Feeling exultant at his victory, Sadashiva Swami narrated the incident to his gurudev expecting probably a pat on the back.  But quite the opposite happened.  Gurudev severely reprimanded him.  He said: "Sadashiva! Noble thought is worthwhile only when it builds a noble character, and a noble character is meaningful only when it is translated into noble conduct.  You studied and contemplated on vedanta, but were unable to sculpt the character of a truth seeking sadhaka, nor were you able to train your conduct accordingly.  For this reason, your whole effort thus far at study and contemplation can only be worthy of condemnation. 

These words of his guru burst Sadashiva Swami's bloated sense of ego.  Very humbly he asked: "Gurudev! How should we sculpt noble character"?  Gurudev replied: "Son! To sculpt the personality afresh, one should have, first of all, its clear outline in the mind.  For example, for formation of the personality of a truth seeking sadhaka, it would be essential that every moment of the sadhaka's thinking is imbued with his jóana sadhana.  The second important point is that no idea or element of thought contrary to the main purpose is allowed to enter the mind.  Thirdly, the intensity of purposeful thinking is maintained continuously.  Reflection and contemplation must continue ceaselessly.  By such deep thought the suitable personality is formed.”

"But remember", gurudev warned, "contemplation is meant to shape one's own personality and not to score debating points over others and satisfy one's ego.  Unnecessary argumentation is a hindrance to the process, and only by avoiding this can a new character be sculpted - a character, which purifies and illumines even the nature and attributes of the body and the sense-organs.  It is for this reason that the vedic rishis have included the body and the sense-organs within the definition of character.”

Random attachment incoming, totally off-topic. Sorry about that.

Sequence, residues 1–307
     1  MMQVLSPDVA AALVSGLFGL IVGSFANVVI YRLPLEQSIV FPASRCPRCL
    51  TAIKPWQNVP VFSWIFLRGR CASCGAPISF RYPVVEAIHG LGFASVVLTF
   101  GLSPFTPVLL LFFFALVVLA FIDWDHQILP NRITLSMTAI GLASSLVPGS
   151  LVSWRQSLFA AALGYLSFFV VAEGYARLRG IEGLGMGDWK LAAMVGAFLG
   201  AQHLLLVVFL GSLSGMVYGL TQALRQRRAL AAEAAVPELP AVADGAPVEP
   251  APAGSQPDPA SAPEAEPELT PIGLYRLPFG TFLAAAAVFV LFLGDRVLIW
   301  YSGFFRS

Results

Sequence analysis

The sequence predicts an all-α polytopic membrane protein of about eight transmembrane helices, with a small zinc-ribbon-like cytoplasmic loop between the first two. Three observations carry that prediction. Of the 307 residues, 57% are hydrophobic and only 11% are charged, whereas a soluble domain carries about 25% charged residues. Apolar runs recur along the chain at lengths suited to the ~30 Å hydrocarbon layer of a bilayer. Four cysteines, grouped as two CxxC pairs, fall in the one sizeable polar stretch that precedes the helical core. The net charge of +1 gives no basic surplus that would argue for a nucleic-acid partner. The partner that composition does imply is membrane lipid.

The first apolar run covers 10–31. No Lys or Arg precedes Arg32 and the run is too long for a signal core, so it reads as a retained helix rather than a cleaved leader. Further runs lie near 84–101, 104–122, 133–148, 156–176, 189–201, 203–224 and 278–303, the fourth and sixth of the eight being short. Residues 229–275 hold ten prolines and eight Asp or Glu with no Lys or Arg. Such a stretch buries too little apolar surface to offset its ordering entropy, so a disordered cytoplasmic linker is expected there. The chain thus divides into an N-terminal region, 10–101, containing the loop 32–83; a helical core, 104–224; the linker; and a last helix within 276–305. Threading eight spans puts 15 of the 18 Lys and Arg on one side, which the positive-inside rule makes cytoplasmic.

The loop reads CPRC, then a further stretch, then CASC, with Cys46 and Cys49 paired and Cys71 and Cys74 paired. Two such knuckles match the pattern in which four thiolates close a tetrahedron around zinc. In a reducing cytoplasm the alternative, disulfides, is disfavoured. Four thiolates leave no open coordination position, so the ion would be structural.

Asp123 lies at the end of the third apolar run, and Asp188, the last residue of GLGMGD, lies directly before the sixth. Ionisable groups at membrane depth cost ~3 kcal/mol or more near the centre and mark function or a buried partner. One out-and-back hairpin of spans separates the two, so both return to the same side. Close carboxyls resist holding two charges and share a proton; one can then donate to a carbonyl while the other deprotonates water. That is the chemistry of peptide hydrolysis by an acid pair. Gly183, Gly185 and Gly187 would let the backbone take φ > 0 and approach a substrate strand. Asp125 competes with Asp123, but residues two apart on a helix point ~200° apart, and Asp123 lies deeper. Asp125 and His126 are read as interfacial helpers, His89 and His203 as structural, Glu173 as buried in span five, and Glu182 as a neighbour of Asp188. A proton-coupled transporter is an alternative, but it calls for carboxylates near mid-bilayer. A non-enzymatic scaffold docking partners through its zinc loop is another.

"As for conduct", gurudev continued, "it should be wholly transparent and guileless like the character, no matter how much trials and suffering one has to undergo.  It is through the conduct that deeper layers of a man's personality find expression.  So it must be commensurate with the dignity and honour of one's jivana sadhana".  Sadashiva Swami imbibed deeply these words of his guru and advanced on the path of his jivana sadhana.  For those who wish to tread this path in a similar way it will also be essential that they find a noble and lofty goal for themselves.


In the year 1885, the New English High School, Pune was celebrating a big function.  A volunteer had been deputed at the gate to allow admittance to the invitation card holders only.  The chief guest of the function was the then Chief Justice Mahadev Govind Ranade.  When Ranade arrived at the venue he was stopped by the volunteer who requested for the invitation card.  "My boy, I do not have any such card with me," Ranade said. "In that case, Sir, you cannot go inside" was the volunteer's polite answer.  Seeing the chief guest held up at the gate many members of the reception committee rushed over there and tried to escort him inside.  But the volunteer protested: "Gentlemen, how can I perform my duty sincerely if reception committee members themselves interfere in my work?  Whoever the guest be, he is supposed to carry the invitation card with him.  I can not be partial".  This same volunteer later rose to fame as the great Gopal Krishna Gokhale and rendered great service to the nation.  Gandhiji considered him his political guru.